Science & tech. Give more opportunities to next generation
Male Female
Strongly agree 41 59
Agree 43 57
Disagree 55 45
White Black
Strongly agree 73 13
Agree 72 18
Disagree 69 20
Non-college College
Strongly agree 59 41
Agree 66 34
Disagree 67 33
Protestant Catholic None
Strongly agree 33 24 29
Agree 40 25 25
Disagree 54 16 27
Believe too much in science, not enough in faith
Male Female
Strongly agree 33 67
Agree 40 60
Neither 39 61
Disagree 39 61
Strongly disagree 53 47
White Black
Strongly agree 52 37
Agree 60 26
Neither 74 16
Disagree 84 7
Strongly disagree 91 2
Non-college College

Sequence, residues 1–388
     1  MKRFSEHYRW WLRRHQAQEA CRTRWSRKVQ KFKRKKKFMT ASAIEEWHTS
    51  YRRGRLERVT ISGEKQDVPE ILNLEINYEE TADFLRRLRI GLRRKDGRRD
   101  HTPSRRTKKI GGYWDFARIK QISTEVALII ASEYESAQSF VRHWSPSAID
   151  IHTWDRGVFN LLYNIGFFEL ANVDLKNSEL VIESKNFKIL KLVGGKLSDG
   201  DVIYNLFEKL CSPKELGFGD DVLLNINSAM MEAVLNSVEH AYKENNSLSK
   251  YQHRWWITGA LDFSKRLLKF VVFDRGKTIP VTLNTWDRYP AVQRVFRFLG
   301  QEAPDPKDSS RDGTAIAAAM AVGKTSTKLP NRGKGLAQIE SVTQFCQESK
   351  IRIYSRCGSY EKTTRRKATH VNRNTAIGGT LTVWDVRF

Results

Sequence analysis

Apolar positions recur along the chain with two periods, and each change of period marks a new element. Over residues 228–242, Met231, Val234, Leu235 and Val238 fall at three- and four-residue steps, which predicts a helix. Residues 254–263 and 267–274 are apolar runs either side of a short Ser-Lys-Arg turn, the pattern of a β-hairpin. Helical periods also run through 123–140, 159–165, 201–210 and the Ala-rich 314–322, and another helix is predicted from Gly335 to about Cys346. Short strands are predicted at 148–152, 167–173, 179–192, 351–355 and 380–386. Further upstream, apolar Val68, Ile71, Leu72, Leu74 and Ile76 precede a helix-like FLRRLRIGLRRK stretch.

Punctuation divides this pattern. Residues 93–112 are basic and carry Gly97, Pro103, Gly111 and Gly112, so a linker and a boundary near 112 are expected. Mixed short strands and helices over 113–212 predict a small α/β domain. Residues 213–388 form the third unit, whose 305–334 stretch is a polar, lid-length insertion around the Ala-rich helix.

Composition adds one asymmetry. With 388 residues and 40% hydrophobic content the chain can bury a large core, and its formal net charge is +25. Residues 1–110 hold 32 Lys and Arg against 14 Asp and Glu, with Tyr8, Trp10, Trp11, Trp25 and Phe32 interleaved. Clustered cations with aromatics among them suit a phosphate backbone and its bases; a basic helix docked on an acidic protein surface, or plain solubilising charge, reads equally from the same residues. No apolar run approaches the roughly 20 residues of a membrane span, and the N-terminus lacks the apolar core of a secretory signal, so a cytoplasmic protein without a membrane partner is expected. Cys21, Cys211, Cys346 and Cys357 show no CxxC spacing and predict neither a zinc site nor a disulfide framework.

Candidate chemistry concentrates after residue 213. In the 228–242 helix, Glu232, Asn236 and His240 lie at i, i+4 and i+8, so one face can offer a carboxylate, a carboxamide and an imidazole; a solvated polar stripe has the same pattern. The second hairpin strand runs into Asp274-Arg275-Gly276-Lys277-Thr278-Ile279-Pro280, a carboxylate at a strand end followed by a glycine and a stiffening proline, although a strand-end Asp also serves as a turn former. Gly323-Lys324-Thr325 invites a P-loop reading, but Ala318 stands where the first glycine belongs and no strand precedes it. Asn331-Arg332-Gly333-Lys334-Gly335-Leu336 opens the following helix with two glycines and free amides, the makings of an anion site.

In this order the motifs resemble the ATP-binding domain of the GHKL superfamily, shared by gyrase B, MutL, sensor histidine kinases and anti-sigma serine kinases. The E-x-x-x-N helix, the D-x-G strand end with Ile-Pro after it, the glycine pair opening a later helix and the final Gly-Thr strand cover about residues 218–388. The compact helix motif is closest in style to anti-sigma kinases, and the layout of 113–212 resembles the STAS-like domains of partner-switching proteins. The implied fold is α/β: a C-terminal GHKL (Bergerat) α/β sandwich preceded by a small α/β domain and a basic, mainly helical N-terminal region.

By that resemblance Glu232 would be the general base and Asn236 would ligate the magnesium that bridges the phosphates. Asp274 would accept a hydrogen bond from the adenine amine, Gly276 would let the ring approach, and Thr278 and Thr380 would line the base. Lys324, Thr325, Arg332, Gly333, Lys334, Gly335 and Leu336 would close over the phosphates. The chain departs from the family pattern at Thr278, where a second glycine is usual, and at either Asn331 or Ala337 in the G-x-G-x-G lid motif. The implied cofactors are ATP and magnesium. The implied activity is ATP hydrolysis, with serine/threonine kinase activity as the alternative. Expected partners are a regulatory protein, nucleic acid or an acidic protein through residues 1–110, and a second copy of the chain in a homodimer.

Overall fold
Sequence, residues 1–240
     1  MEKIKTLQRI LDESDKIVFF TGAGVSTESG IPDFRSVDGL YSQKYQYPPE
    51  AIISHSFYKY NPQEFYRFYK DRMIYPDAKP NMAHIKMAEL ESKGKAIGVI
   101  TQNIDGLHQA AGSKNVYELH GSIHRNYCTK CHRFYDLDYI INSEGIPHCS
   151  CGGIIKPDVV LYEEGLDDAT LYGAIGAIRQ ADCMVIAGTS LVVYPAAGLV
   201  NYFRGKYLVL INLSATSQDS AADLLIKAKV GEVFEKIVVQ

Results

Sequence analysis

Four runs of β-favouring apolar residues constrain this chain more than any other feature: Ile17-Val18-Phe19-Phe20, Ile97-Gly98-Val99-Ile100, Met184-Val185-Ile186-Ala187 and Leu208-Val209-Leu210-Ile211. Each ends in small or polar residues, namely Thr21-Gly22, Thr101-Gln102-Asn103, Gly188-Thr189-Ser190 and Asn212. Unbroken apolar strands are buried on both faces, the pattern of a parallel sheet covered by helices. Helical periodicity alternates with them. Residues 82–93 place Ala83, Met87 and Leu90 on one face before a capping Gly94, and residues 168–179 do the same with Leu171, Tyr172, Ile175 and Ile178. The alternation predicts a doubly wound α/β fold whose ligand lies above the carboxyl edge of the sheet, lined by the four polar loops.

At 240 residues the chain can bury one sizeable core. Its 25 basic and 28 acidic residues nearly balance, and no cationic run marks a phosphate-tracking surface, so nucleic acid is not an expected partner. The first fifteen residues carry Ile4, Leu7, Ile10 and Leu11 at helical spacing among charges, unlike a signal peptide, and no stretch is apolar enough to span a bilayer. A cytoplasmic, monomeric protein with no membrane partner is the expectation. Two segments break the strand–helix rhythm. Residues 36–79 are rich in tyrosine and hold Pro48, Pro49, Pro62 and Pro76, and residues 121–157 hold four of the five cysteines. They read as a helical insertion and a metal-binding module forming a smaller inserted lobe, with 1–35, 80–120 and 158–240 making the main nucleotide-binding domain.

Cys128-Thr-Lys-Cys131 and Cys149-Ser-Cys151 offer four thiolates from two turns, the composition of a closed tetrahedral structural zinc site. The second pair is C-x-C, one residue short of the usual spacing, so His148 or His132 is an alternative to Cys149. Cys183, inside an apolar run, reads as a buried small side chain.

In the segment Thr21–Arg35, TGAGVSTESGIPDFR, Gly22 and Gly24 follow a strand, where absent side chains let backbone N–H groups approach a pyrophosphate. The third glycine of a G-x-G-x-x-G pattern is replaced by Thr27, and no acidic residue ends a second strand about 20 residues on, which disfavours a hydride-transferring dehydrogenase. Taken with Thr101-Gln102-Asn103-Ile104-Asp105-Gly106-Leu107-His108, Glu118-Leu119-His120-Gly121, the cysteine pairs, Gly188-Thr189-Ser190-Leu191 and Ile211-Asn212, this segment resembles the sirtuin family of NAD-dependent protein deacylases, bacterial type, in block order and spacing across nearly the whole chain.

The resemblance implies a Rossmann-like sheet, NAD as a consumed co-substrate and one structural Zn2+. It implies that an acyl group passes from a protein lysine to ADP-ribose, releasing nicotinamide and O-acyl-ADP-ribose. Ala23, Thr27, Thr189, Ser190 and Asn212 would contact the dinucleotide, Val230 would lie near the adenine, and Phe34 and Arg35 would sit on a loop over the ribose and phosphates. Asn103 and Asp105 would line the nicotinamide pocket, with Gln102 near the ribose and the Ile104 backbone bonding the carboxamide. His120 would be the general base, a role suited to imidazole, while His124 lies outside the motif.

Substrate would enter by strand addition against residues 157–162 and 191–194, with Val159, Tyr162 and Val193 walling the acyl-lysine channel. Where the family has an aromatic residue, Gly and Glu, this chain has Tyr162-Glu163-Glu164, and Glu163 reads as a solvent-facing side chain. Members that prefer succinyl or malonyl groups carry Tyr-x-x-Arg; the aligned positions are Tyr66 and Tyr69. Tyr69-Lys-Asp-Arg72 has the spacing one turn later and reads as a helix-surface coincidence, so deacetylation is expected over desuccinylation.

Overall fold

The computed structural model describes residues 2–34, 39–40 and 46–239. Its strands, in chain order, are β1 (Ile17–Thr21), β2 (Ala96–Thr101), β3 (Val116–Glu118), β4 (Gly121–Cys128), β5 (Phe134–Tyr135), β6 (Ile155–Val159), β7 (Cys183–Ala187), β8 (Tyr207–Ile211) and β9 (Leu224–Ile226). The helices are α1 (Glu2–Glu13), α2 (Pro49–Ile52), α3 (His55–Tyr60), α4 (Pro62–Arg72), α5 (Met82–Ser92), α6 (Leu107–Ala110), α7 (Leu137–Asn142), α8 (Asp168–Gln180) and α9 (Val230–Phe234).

Strongly agree 84 16
Agree 81 19
Neither 70 30
Disagree 54 46
Strongly disagree 39 61
Protestant Catholic None
Strongly agree 52 21 14
Agree 47 31 10
Neither 34 30 29
Disagree 37 21 28
Strongly disagree 15 6 60

Regression results
R-squared 0.207 0.026 0.178 0.088 0.149
Age 0.014 -0.004 0.04 -0.05 -0.037
Socioeconomic index 0.279 0.048 0.04 0.159 0.13
Educational attainment -0.047 -0.212 0.107 0.062 -0.019
Vocab score 0.155 0.086 0.112 0.12 0.306
Confidence in belief in God -0.275 0.069 -0.314 -0.083 -0.135
R-squared 0.096 0.02 0.13 0.06 0.087
Age -0.052 0.029 -0.071 -0.11 -0.06
Socioeconomic index -0.017 -0.034 0.032 0.007 0.072
Educational attainment 0.05 -0.036 0.141 0.115 -0.031
Vocab score -0.057 -0.026 0.109 0.145 0.245
Confidence in belief in God -0.327 0.044 -0.266 -0.091 -0.18

• Category: Science • Tags: Anti-Vaccination, Social Science, Vaccination 
Razib Khan
About Razib Khan

"I have degrees in biology and biochemistry, a passion for genetics, history, and philosophy, and shrimp is my favorite food. If you want to know more, see the links at"